Genome-wide SNP analysis of Japanese Thoroughbred racehorses

PLoS One. 2019 Jul 24;14(7):e0218407. doi: 10.1371/journal.pone.0218407. eCollection 2019.

Abstract

The domestication process of plants and animals typically involves intense inbreeding and directional selection for various traits. Here, we genotyped 370 Japanese Thoroughbred horses using the recently developed 670k SNP array and performed various genome-wide analysis also using genotype data of other horse breeds. We identified a number of regions showing interesting patterns of polymorphisms. For instance, the region containing the MC1R locus associated with chestnut coat color may have been targeted by selection for a different mutation much earlier on than the recent selection for chestnut color. We also identified regions that show signatures of selection specific to Thoroughbreds. In addition, we found that intense inbreeding early in the history of the Thoroughbred breed and also before the formation of the breed has a significant impact on the genomic architecture of modern Thoroughbreds. Our study demonstrates that the horse 670k array can be utilized to gain important insight into the domestication process of horses and to understand the genetic basis of the phenotypic diversity in horses.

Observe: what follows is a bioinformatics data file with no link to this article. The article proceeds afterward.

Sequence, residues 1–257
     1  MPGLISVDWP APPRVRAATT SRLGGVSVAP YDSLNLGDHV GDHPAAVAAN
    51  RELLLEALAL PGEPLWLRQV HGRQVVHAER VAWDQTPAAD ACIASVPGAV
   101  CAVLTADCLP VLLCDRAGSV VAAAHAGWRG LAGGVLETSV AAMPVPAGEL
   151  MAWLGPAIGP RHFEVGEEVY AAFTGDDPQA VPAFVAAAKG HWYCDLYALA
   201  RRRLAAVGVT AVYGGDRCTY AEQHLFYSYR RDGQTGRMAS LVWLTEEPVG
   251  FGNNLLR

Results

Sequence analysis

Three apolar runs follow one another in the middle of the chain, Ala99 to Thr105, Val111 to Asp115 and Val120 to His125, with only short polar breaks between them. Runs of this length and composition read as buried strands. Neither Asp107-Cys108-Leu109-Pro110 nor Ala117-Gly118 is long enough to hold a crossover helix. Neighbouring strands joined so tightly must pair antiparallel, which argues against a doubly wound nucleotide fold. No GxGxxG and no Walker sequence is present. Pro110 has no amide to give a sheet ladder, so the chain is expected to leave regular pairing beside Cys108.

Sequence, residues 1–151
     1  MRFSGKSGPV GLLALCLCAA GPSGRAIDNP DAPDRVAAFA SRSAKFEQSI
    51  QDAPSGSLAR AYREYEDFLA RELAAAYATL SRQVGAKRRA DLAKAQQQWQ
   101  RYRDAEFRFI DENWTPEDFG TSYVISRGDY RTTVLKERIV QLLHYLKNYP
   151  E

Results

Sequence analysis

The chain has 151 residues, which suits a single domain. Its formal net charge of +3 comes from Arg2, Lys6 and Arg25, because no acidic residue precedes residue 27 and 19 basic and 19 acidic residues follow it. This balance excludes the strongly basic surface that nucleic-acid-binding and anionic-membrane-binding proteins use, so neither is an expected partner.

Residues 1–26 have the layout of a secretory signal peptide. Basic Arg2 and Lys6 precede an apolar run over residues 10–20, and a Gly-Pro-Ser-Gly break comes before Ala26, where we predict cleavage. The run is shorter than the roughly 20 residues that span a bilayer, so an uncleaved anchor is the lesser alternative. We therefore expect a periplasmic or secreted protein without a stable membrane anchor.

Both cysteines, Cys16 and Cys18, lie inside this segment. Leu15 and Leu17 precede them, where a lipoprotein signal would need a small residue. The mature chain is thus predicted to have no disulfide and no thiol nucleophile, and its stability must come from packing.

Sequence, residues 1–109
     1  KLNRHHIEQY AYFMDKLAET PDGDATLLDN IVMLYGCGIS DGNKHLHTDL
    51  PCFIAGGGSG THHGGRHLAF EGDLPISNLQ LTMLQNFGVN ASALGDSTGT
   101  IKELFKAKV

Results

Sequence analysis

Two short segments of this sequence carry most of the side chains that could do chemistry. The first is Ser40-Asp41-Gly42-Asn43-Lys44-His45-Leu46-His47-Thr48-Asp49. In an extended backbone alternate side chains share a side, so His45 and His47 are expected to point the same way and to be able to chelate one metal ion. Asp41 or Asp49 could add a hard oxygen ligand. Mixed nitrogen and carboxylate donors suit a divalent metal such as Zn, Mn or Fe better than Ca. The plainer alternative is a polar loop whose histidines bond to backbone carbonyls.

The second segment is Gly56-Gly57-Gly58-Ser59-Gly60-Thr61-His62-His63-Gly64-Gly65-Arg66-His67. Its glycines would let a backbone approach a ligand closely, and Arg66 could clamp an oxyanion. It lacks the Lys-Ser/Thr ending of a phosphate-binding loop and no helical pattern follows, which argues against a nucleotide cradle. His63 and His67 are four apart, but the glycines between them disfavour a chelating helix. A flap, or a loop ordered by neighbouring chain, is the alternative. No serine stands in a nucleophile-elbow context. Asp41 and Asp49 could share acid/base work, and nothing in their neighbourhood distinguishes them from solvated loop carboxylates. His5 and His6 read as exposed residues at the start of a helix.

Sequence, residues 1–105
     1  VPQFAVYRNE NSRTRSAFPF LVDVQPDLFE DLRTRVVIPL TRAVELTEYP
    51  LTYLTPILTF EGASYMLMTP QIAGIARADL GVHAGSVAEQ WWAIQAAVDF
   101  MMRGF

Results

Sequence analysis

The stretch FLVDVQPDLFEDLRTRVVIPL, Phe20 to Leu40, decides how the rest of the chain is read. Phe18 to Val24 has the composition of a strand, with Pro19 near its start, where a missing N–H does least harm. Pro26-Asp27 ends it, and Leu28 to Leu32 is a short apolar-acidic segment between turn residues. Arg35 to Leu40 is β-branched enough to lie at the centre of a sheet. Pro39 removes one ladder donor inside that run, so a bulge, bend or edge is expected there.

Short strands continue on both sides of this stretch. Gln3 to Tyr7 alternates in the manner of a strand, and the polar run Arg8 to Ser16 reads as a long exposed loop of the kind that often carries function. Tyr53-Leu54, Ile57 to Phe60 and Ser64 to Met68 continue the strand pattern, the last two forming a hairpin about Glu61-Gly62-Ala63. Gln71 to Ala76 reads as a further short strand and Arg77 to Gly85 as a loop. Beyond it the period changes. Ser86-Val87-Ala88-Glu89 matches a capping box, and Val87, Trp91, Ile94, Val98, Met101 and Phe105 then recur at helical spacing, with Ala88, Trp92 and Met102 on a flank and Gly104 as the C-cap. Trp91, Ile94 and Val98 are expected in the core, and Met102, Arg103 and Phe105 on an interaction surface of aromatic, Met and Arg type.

Publication types

  • Research Support, Non-U.S. Gov't

MeSH terms

  • Animals
  • Breeding
  • Domestication*
  • Genetic Variation
  • Genome / genetics*
  • Genotype
  • Horses / genetics*
  • Inbreeding
  • Japan
  • Phenotype
  • Polymorphism, Single Nucleotide / genetics
  • Selection, Genetic*

Grant support

This work was partly supported by Grant-in-Aid for Scientific Research on Innovative Areas (Research in a proposed research area) 23114004 to HI and JSPS KAKENHI Grant Number 16K18470 to JAF. Hidaka Training and Research Center, Japan Racing Association provided support in the form of salary to FS. Genetic Analysis Department, Laboratory of Racing Chemistry, Utsunomiya, Tochigi provided support in the form of salary for TT. The specific roles of these authors are articulated in the ‘author contributions’ section. The funders had no role in study design, data collection and analysis, decision to publish, or preparation of the manuscript.